The Alpine Loop

Many folks visit the Lake City area due to the precipitous and thrilling alpine loop backcountry byway. If you have a high-clearance, 4WD vehicle, you can travel over un-metalled, bumpy (terrifying) routes that were carved out by miners in order to access remote work places at up to 12,800 ft. Along the route you will see many traces of mining in the landscape, like the coloured piles of waste-rock and tailings in the mid-ground of the picture below.

You may also see ghost towns, and bits and bobs of leftover mining structures and infrastructure.

Up in Lake City tourism is an important part of the economy. Since the tax base from private land is so low, it makes sense that visitors bringing in money from outside is a great way to boost income. Plus, Lake City is an interesting and unique place – it has a lot to offer the holiday-maker: sublime views, calm and isolation, wilderness, a ski-hill suitable for learners, a whole host of historic buildings, taxidermy galore, friendly mountain men and women, and a cat in the post-office who pops out of the lower PO boxes on occasion.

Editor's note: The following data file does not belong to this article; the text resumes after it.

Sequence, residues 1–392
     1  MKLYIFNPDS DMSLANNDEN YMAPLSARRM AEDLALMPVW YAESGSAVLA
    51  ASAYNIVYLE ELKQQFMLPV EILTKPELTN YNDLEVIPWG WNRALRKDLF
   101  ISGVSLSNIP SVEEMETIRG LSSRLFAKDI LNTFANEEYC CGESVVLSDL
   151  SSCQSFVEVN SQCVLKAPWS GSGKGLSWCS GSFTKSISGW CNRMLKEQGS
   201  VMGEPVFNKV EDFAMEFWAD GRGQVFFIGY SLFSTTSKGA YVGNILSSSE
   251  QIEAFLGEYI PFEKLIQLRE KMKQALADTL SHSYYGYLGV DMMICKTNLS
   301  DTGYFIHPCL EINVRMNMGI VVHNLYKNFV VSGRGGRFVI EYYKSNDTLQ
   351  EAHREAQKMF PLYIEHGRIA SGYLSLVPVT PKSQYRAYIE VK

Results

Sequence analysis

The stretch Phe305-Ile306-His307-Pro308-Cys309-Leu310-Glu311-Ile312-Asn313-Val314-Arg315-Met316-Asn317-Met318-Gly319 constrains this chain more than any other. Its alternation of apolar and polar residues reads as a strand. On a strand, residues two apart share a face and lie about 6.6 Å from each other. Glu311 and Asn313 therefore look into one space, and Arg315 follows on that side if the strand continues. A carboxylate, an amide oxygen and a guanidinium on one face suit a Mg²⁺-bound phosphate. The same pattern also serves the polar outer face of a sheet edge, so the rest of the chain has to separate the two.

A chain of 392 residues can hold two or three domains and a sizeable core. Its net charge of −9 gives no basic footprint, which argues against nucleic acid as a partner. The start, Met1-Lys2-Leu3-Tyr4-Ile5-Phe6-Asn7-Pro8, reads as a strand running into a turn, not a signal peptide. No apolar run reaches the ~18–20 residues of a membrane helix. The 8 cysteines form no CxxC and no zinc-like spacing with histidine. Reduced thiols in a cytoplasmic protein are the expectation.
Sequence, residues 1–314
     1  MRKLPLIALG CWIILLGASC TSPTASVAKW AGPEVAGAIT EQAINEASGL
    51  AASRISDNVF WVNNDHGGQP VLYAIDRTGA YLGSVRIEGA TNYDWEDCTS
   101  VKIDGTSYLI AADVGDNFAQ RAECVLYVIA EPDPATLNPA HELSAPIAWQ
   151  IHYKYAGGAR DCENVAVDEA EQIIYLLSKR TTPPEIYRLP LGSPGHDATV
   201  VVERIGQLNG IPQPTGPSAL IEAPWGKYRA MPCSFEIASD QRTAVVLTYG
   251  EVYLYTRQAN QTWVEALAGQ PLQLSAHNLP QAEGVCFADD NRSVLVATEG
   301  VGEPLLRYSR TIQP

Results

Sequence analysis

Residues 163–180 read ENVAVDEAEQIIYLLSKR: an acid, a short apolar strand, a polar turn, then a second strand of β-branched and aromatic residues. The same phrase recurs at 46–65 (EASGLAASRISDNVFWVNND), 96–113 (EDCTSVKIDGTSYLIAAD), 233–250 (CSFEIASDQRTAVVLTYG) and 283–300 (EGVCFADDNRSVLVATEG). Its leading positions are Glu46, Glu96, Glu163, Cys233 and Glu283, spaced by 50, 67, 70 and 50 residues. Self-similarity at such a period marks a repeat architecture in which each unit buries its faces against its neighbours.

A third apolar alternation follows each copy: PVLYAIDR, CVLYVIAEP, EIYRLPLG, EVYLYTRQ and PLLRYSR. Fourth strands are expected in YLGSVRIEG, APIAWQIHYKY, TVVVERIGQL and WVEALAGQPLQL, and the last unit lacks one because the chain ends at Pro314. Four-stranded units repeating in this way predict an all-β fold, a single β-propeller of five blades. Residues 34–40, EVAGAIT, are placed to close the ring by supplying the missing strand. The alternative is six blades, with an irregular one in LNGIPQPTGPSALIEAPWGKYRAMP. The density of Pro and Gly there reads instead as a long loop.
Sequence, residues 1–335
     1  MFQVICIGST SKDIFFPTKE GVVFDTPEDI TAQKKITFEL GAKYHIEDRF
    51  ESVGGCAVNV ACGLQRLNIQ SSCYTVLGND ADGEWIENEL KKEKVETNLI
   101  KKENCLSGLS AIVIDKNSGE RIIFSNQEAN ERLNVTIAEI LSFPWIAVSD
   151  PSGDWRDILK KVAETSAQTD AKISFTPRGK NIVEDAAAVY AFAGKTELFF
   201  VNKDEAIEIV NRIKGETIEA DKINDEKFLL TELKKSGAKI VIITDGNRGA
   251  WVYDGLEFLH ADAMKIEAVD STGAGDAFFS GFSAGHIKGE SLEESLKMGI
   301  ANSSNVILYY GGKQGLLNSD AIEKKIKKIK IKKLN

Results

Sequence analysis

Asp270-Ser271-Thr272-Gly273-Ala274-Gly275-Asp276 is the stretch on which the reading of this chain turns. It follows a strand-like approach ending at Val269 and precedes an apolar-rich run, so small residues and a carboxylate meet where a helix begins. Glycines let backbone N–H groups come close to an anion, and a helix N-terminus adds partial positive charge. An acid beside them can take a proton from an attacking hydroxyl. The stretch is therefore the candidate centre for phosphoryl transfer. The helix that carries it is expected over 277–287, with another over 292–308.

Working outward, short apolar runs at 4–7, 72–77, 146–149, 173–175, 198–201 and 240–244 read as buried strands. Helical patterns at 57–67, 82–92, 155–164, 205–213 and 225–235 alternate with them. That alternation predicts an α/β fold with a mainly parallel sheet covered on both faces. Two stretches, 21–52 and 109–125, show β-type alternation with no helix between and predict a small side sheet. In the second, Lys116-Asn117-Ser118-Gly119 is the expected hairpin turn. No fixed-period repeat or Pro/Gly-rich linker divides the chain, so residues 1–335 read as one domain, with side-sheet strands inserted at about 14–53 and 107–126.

As a confirmed map geek I love the maps created and shared by the Alpine Loop Spatial Analysis and Mapping project (check out this beauty).

The Ute Ulay mine site straddles the alpine loop, about just outside Lake City. There were 611,000 Alpine Loop user days in 2008 – that means there is potentially lots of passing trade at the Ute Ulay. Click on the graphic below to see numbers of visitors.

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